© Tim Scrivener

Well-balanced cow diets should allow similar milk production from forage this winter, despite signs first- and second-cut silages will not perform as well as in 2015.

In total, 3,441 first-cut and 1,309 second-cut silage samples have been analysed by Trouw Nutrition GB.

It found first-cut quality was similar to last year at 30.8% dry matter (DM), 10.7 MJ ME (mega joules of metabolisable energy), 14.1% crude protein (CP), and 49.8% neutral detergent fibre (NDF).

Nutrient

First cut 2015

First cut 2016

DM (%)

30.2

30.8

CP (%)

13.8

14.1

ME (MJ/kg DM)

10.9

10.7

NDF (%)

46.4

49.8

However, it says averages tell only part of the story.

“There is a considerable range in results and of concern is the fact that only 7.8% of samples received are more than 11.5 ME, compared with 13% last year, meaning fewer farmers have made high-quality silage this year,” says Tom Goatman, ruminant specialist at Trouw Nutrition GB.

Despite cooler, wet weather and a “slow get away” after delayed first cuts, second silage cuts have generally analysed well.

Nutrient

Second cut 2015

Second cut 2016

DM (%)

33.3

30.7

CP (%)

14.1

14.2

ME (MJ/kg DM)

10.6

10.3

NDF (%)

47.1

50.6

It says first impressions on the back of first- and second-cut results are that grass silages will not perform as well as in 2015 on an ME basis.

However, it is a different picture when Dynamic Energy (DyNE) – a new parameter of Trouw Nutrition’s NutriOpt dairy model – is considered, it says.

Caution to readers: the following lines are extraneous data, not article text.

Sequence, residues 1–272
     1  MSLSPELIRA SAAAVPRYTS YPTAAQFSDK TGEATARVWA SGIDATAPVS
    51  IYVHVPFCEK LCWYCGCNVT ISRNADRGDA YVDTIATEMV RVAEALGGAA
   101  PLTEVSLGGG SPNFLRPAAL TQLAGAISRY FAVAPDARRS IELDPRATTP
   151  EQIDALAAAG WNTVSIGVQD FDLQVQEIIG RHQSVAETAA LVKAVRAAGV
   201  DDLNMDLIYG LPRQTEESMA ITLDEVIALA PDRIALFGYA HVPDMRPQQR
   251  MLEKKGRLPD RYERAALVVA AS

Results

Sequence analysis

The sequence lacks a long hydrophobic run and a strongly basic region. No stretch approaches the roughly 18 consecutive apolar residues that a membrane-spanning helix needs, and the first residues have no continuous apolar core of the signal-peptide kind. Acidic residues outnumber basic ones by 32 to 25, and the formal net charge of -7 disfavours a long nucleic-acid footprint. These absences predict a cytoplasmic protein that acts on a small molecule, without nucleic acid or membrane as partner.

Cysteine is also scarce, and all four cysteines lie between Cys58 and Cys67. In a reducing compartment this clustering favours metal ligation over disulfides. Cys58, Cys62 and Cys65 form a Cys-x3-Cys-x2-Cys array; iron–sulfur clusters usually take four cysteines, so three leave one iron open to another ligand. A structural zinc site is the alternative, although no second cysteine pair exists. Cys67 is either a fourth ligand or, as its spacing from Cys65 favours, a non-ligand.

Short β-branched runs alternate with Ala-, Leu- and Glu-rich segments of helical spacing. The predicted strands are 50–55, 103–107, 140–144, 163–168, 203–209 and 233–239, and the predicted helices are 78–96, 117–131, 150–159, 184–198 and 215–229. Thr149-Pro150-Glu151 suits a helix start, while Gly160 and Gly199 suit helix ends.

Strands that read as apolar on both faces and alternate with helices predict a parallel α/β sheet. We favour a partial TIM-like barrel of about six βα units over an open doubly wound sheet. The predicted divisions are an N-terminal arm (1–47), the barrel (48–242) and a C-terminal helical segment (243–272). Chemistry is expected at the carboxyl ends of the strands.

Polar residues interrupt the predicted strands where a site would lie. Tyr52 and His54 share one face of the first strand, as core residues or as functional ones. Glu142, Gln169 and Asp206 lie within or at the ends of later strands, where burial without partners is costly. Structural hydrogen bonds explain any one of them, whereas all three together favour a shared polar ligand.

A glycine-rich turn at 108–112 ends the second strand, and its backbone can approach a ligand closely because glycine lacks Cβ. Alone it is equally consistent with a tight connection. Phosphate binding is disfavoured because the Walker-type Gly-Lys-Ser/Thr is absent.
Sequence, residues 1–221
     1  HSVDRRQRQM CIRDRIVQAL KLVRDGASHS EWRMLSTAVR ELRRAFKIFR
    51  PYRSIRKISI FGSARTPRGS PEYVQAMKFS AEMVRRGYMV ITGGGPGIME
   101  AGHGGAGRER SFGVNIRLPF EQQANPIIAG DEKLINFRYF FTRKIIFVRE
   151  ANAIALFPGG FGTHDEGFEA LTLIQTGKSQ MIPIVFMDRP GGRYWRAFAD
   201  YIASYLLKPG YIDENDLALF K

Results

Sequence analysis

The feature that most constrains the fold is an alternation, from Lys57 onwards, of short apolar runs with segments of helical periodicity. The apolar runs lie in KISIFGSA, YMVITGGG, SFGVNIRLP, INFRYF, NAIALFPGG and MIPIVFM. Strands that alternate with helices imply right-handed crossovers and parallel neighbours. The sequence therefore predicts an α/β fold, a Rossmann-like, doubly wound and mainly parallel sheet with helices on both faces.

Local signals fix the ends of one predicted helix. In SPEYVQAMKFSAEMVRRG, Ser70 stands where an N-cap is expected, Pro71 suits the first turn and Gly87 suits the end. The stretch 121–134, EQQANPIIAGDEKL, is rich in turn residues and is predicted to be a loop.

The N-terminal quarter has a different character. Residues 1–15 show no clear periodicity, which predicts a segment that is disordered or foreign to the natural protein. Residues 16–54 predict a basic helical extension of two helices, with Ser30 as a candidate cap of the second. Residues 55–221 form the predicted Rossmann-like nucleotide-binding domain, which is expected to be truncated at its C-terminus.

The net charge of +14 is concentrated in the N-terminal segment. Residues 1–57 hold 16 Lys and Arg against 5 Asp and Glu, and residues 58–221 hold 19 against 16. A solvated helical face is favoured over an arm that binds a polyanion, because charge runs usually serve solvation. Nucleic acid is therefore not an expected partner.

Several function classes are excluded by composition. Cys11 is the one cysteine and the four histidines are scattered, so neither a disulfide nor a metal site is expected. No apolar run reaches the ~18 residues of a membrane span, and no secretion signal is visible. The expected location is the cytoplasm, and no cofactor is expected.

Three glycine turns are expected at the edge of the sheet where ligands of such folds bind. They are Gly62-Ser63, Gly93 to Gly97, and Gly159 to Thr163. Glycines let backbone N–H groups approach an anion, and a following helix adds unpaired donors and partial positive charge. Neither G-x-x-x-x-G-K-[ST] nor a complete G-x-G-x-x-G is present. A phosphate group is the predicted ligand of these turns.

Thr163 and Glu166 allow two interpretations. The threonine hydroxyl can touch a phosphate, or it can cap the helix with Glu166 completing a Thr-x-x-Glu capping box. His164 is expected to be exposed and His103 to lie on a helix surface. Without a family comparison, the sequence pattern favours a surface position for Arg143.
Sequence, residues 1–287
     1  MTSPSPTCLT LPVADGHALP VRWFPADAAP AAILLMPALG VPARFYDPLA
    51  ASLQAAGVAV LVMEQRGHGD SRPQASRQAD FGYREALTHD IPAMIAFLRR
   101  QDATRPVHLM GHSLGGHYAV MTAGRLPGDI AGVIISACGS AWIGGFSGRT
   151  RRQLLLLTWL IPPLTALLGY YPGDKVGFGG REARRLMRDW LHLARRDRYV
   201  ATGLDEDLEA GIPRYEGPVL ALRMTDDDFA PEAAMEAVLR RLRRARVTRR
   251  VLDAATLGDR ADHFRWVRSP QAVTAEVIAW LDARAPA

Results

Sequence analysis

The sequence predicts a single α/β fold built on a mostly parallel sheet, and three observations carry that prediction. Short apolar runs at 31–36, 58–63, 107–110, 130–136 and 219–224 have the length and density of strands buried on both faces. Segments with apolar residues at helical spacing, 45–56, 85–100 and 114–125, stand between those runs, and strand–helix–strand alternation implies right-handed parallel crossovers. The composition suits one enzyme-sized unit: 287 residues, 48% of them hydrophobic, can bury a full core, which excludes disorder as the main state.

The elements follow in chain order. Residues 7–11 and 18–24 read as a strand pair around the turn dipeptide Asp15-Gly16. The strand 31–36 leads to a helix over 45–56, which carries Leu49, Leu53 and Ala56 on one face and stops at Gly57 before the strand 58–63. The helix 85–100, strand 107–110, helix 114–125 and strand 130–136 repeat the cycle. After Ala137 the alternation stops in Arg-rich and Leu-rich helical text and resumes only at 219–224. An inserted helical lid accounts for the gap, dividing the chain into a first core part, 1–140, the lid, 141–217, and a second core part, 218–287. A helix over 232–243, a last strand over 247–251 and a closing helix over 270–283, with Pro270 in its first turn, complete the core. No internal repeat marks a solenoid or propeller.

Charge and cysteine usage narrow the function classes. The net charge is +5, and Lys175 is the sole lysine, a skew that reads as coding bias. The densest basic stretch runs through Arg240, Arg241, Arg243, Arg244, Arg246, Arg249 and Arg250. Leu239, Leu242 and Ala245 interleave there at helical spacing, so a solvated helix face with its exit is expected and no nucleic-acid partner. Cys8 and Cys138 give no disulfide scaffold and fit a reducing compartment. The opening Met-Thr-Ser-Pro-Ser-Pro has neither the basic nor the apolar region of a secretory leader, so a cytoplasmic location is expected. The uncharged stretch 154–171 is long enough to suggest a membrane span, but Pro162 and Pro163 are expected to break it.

Trouw Nutrition claims its DyNE measurement, which indicates the total amount of net energy available for the dairy cow in milk production, is a more accurate alternative to ME, a measurement of the gross input of energy before digestion.

See also: Trouw launches silage energy calculation

DyNE is calculated by analysing the nutrients (volatile fatty acids, fatty acids, glucose and amino acids) formed when feed is broken down in the rumen, and absorbed in the small and large intestines.

Despite lower ME values than in 2015, DyNE is higher in this year’s first and second cuts, meaning grass silages will perform better than expected, it says.

Dynamic Energy (MJ/kg DM)

Forage

2015

2016

First cut

5.6

6.0

Second cut

5.6

6.0

Wholecrop

5.0

5.2

Mr Goatman says, on an ME basis, 10kg DM would support 0.3 litres less milk.

However, on a DyNE basis, 10kg DM would support the production of an extra litre of milk.

“With ME you could be looking at increased supplementation levels, but with Dynamic Energy you may not have to supplement to the same levels,” Mr Goatman told a press briefing at Trouw Nutrition GB HQ in Ashbourne, Derbyshire.

“If you are supplementing unnecessarily, you could negatively affect rumen health.”

Lower levels of rapidly fermentable carbohydrate (RFC) and total fermented carbohydrate (TFC) in samples mean cows may require more RFCs in supplements to ensure a balance with levels of rapidly fermentable protein (RFP) and total fermentable protein (TFP).

Trouw Nutrition GB says this could be achieved by including more wheat and less maize, which is more slowly fermented.

Alternatively, farmers could increase the inclusion of wholecrop in the diet, which it says will complement lower RFC grass silages.